Great news for you cyclists or wannabes

Study: Biking Restores Brain Connectivity in Parkinson's

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2 NOV 26 2012, 8:25 AM ET 3

Patients pushed hardest showed the most improvement.

James D. Schwartz / Flickr

PROBLEM: It's commonly known that Parkinson's Disease is a chronic, progressive, disease of central nervous system that affects motor ability -- its recognizable early stages are characterized by shakiness and difficulty walking. No cure exists, which is why back in 2003, the best Dr. Jay Alberts of the Cleveland Clinic Lerner Research Institute rode a tandem bicycle across Iowa with a Parkinson's patient (to raise awareness). Unexpectedly, the patient showed improvements in her condition after the trip. In what now much be common lore at the Institute, Alberts attempted to explain the inexplicable by noticing that his own pace was faster than that of his partner, who was forced, by the cruel mechanics of tandem cycling, to pedal faster in order to keep up.

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METHODOLOGY: Alberts and his colleagues used functional connectivity MRI to study the brains of 26 patients with Parkinson's Disease before and after they engaged in an 8-week exercise program and then, as a follow-up, one month later. Three times a week, the patients worked out on stationary bicycles. The experimental group used a modified bike that, using an algorithm in the place of a super in-shape doctor, would measure their rate of exertion and use it as a basis to push them harder than they would otherwise choose.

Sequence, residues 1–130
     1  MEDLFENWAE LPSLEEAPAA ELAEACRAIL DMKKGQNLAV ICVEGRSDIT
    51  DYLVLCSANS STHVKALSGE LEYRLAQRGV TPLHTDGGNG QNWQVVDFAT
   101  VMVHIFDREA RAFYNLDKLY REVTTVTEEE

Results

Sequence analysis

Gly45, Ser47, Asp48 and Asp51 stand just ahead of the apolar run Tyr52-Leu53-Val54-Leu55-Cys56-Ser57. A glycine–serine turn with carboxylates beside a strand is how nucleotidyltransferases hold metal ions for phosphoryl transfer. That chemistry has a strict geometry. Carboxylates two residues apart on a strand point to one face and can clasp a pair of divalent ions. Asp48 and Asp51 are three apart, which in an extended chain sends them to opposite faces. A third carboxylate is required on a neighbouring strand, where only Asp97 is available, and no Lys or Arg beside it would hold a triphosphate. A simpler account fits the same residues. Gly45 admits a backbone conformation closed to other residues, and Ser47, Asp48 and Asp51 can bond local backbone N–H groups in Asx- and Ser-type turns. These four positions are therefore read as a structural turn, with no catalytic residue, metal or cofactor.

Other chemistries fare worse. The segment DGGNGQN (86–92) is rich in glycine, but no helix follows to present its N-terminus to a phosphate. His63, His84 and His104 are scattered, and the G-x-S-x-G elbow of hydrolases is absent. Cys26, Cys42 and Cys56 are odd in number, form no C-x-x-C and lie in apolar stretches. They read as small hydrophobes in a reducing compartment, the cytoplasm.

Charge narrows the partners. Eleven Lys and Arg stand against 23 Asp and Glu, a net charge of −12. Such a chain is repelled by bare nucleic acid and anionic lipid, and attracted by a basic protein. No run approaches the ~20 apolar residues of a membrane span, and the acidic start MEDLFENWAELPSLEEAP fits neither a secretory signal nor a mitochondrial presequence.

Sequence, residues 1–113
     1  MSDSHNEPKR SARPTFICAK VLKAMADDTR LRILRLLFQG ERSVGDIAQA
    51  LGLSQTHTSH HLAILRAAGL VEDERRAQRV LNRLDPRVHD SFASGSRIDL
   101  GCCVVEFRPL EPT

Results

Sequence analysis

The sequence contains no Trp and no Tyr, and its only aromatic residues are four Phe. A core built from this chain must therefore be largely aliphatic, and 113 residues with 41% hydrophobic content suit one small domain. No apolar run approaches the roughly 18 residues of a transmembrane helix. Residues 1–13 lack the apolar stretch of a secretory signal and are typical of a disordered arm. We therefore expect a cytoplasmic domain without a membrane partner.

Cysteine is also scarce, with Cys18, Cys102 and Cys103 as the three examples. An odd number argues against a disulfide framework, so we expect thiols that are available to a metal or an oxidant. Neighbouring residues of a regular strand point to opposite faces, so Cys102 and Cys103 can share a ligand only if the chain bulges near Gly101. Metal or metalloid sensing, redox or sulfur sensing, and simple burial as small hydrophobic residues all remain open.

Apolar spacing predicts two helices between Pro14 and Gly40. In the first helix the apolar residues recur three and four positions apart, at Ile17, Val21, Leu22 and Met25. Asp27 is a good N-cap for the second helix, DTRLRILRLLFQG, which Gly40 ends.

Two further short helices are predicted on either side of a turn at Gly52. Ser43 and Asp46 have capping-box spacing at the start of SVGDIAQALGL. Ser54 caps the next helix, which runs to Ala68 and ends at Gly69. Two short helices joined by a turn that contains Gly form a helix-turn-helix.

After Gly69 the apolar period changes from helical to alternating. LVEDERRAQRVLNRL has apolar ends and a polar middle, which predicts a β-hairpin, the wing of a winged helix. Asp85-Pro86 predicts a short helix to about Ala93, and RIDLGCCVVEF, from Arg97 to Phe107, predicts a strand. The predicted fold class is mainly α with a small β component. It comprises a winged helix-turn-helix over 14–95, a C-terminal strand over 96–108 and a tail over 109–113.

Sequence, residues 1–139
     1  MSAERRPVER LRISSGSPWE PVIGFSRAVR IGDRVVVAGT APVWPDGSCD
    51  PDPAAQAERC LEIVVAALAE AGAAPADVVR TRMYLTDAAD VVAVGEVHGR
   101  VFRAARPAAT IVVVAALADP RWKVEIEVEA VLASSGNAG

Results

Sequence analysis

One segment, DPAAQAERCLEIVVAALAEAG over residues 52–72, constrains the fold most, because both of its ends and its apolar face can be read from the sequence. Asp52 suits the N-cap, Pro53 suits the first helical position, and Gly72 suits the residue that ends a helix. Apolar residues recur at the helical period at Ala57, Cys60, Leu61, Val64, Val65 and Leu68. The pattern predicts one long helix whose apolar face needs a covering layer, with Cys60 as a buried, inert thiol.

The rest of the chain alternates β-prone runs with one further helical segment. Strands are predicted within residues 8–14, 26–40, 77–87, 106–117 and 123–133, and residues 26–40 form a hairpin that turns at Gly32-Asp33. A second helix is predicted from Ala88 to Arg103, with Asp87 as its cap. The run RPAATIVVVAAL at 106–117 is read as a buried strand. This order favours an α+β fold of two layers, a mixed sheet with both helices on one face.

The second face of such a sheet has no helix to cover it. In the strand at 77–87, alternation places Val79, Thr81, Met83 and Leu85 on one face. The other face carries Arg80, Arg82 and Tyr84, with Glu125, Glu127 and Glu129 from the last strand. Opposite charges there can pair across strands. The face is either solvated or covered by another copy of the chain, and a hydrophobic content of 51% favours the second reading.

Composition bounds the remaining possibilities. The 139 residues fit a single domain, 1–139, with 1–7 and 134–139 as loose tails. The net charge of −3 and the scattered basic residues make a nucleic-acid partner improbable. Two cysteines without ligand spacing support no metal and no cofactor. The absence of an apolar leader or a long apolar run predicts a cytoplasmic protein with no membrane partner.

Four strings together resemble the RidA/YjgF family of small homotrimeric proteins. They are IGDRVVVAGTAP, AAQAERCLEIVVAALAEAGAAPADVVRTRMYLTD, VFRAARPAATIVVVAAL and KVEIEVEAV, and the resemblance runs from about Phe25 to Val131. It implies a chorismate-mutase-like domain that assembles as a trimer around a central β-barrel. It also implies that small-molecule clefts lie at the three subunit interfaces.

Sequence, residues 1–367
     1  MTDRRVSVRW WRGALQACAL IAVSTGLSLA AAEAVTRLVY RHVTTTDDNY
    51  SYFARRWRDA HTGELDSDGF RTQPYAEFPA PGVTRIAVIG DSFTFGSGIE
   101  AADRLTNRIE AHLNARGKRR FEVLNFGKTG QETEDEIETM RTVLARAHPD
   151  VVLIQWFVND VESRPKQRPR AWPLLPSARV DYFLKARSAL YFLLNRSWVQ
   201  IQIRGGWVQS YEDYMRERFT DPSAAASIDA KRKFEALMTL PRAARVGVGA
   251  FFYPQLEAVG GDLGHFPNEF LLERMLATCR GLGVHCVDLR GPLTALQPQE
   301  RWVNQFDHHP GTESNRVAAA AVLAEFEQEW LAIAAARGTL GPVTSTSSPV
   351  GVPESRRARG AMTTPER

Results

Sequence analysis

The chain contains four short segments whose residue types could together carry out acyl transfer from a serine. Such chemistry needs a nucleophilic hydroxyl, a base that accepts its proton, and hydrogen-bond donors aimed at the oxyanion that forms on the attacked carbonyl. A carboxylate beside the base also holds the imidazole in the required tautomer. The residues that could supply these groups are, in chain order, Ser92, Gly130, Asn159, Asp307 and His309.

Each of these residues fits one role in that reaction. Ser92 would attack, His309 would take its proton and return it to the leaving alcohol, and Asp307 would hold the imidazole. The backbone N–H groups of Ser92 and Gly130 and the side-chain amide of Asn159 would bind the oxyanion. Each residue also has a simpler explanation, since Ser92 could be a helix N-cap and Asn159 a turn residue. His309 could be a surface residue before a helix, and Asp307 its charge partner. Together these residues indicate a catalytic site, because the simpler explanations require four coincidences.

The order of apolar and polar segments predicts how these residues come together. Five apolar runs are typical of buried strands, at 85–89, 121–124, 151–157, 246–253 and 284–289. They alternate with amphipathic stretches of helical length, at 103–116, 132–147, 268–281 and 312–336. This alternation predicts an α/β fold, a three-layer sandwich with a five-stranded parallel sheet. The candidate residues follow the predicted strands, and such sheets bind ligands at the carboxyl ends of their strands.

RESULTS: What the researchers referred to as "forced rate activity," others might feel is more accurately labeled "torture." But when they calculated the brain activation of the patients forced to pedal past their comfort level, they found lasting increases in connectivity between two areas of the brain responsible for motor ability: the primary motor cortex and the posterior region of the thalamus.

CONCLUSION: Forced-rate bicycle exercise appears to be an effective therapy for Parkinson's disease.

IMPLICATION: The treatment delivered dramatic results, and has the distinction of being inexpensive and accessible. Alberts contends that even those without access to their own algorithm for forced-rate activity may be able to see improvement by using an at-home stationary bike. The next step is to evaluate the possible effects of other forms of exercise, like swimming.

The full study was presented at the annual meeting of the Radiological Society of North America.

12 Replies

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  • I , too read this. I used to cycle a lot but recently found that whilst I can start, and ride well, I have difficulty in stopping and dismounting. This can cause a lot of problems, as you can imagine. I am not looking for a static exercise bike as this was used for the trial. Apart from the boredom, I am hoping this will improve my fitness and maybe help me to lose some weight. Time will tell.